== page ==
Chad ranks 160 out of 162 countries in the Gender Inequality Index, where a high rank equals high equality. Women should always be considered as a particularly vulnerable group though.
Chad has a Workplace Index score of 6.9, a Marketplace Index score of 5.2 and a Community and Environment Index score of 7.9 in the Children’s Rights and Business Atlas, where countries receive scores between 0 and 10. A score closer to 0 reflects a need for basic children’s rights due diligence, while a higher score reflects a need for enhanced or heightened due diligence. Children should always be considered as a particularly vulnerable group though.
Persons with Disabilities
Due to differences in data collection and definitions it is difficult to compare countries on disability prevalence rates. Persons with disabilities should always be considered as a particularly vulnerable group though.
Minorities and Indigenous Peoples
According to the World Directory of Minorities and Indigenous Peoples, the main ethnic groups in Chad are Sara (Ngambaye/Sara/Madjingaye/Mbaye) 30.5 %, Kanembu/Bornu/Buduma 9.8 %, Arab 9.7 %, Wadai/Maba/Masalit/Mimi 7 %, Gorane 5.8 %, Masa/Musseye/Musgum 4.9 %, Bulala/Medogo/Kuka 3.7 %, Marba/Lele/Mesme 3.5 %, Mundang 2.7 %, Bidiyo/Migaama/Kenga/Dangleat 2.5 %, Dadjo/Kibet/Muro 2.4 %, Tupuri/Kera 2 %, Gabri/Kabalaye/Nanchere/Somrai 2 %, Fulani/Peulh/Fulbe/Bodore 1.8 %, Karo/Zime/Peve 1.3 %, Baguirmi/Barma 1.2 %, Zaghawa/Bideyat/Kobe 1.1 %, Tama/Assongori/Mararit 1.1 %, Mesmedje/Massalat/Kadjakse 0.8 %, other Chadian ethnicities 3.4 %, Chadians of foreign ethnicities 0.9 %, foreign nationals 0.3 %, unspecified 1.7 %. Although believed to be more numerous, Southerners were dominated by Arab northerners under the presidencies of Hissène Habré and Idriss Déby. Chad is divisible into three agro-climatic zones. First, the northern ‘BET’ (Borkou, Ennedi, Tibesti) area of the Sahara, accounting for over a third of Chad’s territory, is home to only about 6 % of its population. Two nomadic peoples, collectively known as Toubou, make up virtually all its population; Teda people, concentrated near Tibesti in mountainous reaches of the far north; and Daza (in Arabic: Gorane) peoples, concentrated further south and east. The ethnic roots of Hissène Habré, Chad’s ruthless strongman from 1979 to 1990, are in a small eastern Gorane sub-group. Second, the arid Sahelian scrublands of the middle belt account for over half of Chad’s territory and somewhat less than half its population. They are home to nomadic and semi-nomadic peoples whose livelihoods depend largely on livestock, as well as sedentary peoples dependent on farming, fishing and trade. The nomadic population was in 2009 estimated at 3.5 % of the population. The nomadic population has in recent years had a very low growth rate – a situation that it speculated might be due to sedentarization as a result of drought and declining living standards. Like the peoples of the BET, virtually everyone in this zone is Muslim. In the Ouaddai prefecture bordering Sudan to the east, Zaghawa peoples (who make up a little over 1 % of Chad’s population) have been salient in recent history. Zaghawa make up much of the feared Republican Guard, an army unit answerable to the president, and responsible for much of the brutality and bloodshed of the 1990s. Chad’s president from 1990 to 2021, Idriss Déby, was of the Bidéyat people, who are a sub-clan of the Zaghawa. A significant proportion of Chad’s population (25–30 %) adhere to Arab customs and, notwithstanding centuries of intermarriage with African peoples, consider themselves Arabs. About 13 % speak Chadian Arabic, a creole of Arabic, French and local languages, as a first language and 40 % as a second language; a majority of Chadians comprehend Arabic.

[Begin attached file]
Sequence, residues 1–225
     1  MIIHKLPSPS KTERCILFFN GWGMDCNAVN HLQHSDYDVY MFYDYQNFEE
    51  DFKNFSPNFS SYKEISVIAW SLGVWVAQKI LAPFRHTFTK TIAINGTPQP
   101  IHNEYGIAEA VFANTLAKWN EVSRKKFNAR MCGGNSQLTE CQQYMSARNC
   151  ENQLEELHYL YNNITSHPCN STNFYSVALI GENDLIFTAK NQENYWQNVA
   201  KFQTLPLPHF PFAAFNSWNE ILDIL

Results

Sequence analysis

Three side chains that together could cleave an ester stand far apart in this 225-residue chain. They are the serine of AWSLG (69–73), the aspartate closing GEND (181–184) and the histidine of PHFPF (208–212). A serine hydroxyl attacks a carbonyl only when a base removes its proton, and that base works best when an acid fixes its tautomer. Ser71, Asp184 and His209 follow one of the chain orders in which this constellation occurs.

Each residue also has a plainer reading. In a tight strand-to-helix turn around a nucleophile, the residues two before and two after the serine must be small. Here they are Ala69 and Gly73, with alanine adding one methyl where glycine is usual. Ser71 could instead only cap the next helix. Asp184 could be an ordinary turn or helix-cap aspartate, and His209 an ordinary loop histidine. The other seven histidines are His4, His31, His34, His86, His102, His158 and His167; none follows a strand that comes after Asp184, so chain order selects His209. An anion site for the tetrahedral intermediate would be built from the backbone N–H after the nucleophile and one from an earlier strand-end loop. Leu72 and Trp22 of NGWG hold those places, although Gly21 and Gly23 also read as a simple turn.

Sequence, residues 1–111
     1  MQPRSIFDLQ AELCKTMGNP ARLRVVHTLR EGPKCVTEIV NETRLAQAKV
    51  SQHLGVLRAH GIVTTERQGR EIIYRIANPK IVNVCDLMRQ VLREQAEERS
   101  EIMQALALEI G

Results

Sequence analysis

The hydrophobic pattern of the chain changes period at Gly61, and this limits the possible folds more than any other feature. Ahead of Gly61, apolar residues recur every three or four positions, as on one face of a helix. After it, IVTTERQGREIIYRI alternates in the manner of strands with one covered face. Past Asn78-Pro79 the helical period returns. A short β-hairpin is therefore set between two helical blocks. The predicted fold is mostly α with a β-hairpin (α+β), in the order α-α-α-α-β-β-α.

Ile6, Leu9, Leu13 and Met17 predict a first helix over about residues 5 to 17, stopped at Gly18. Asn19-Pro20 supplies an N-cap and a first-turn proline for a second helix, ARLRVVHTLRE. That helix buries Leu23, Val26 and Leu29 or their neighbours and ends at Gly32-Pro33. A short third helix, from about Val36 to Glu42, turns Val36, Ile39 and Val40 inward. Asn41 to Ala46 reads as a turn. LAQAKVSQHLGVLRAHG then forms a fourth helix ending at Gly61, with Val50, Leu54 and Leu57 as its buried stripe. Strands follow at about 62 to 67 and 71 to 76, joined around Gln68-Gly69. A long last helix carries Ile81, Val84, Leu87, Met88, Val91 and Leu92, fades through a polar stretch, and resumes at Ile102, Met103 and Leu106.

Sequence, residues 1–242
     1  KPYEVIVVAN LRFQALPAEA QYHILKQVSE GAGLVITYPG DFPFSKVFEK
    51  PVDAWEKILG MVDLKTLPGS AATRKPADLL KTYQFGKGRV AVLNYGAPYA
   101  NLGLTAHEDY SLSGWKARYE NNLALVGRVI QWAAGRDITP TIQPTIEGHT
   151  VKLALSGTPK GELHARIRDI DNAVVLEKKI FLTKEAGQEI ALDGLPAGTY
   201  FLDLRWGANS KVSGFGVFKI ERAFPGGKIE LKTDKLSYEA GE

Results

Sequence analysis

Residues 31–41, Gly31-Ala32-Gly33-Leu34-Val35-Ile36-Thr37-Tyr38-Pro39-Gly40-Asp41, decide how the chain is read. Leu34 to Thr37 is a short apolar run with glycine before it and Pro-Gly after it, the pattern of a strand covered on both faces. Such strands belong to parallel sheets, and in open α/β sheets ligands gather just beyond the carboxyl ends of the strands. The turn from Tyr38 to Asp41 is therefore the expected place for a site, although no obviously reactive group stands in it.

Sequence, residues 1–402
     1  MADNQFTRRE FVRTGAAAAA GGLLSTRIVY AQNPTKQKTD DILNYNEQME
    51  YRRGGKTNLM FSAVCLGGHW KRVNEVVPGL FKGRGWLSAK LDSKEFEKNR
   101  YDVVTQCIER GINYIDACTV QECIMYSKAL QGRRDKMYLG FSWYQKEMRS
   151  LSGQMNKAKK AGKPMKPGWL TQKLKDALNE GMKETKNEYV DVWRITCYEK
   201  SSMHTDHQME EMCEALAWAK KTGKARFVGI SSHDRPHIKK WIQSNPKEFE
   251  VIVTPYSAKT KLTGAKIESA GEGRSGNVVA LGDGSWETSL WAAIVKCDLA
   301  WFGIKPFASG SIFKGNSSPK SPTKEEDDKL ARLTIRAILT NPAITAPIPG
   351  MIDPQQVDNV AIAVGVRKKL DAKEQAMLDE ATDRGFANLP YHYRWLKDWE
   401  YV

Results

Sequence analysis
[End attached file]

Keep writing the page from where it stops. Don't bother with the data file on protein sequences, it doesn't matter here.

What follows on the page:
According to the ILO Global Estimates on International Migrant Workers, migrant workers as a proportion of all workers is 3 % in the subregion Sub-Saharan Africa.
Persons in Armed Conflict
Chad ranks 7 out of 179 countries in the Fragile States Index, where a high rank equals high fragility. For monthly crisis updates, check out CrisisWatch.